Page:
The FFIEC also has warned about a dangerous form of ATM cash-out fraud known as “unlimited operations.” It enables criminals to withdraw funds well beyond ATM control limits and even beyond the cash balance in member accounts. In one attack, criminals used unlimited operations to steal more than $40 million using only 12 debit card accounts.
To perpetrate this scheme, criminals typically send phishing emails to credit union employees in an attempt to install malware on the credit union’s network, giving themselves the ability to alter the settings on web-based ATM control panels. By increasing or eliminating limits on ATM cash disbursements and reducing fraud and security-related controls, criminals can quickly withdraw significant sums using fraudulent debit or other ATM cards.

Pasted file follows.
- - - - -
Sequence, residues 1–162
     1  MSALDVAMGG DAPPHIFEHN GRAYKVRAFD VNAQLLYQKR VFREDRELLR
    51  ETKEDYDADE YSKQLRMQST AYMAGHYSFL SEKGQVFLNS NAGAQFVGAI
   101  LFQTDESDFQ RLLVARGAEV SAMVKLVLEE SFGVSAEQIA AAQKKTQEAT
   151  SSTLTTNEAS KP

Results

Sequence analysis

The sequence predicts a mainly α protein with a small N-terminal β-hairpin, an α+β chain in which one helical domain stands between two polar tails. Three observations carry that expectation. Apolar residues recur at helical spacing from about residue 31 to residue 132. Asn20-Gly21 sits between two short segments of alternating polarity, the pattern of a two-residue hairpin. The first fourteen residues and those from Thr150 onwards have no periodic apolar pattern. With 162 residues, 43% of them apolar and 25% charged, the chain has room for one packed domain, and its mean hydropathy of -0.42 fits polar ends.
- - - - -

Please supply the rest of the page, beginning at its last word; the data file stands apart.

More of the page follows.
To mitigate ATM fraud risks, credit unions should:
- Conduct ongoing information security awareness training sessions, including how to identify phishing attempts.
- Perform security monitoring, prevention, and risk mitigation, including monitoring third-party processors and ATM transaction activity for unusual behavior,
- Limit access rights and implement secure authentication requirements to reduce the potential for unauthorized access, and
- Review — and periodically test — the adequacy of controls over IT networks, card authorization systems, ATM usage parameters, and fraud detection processes.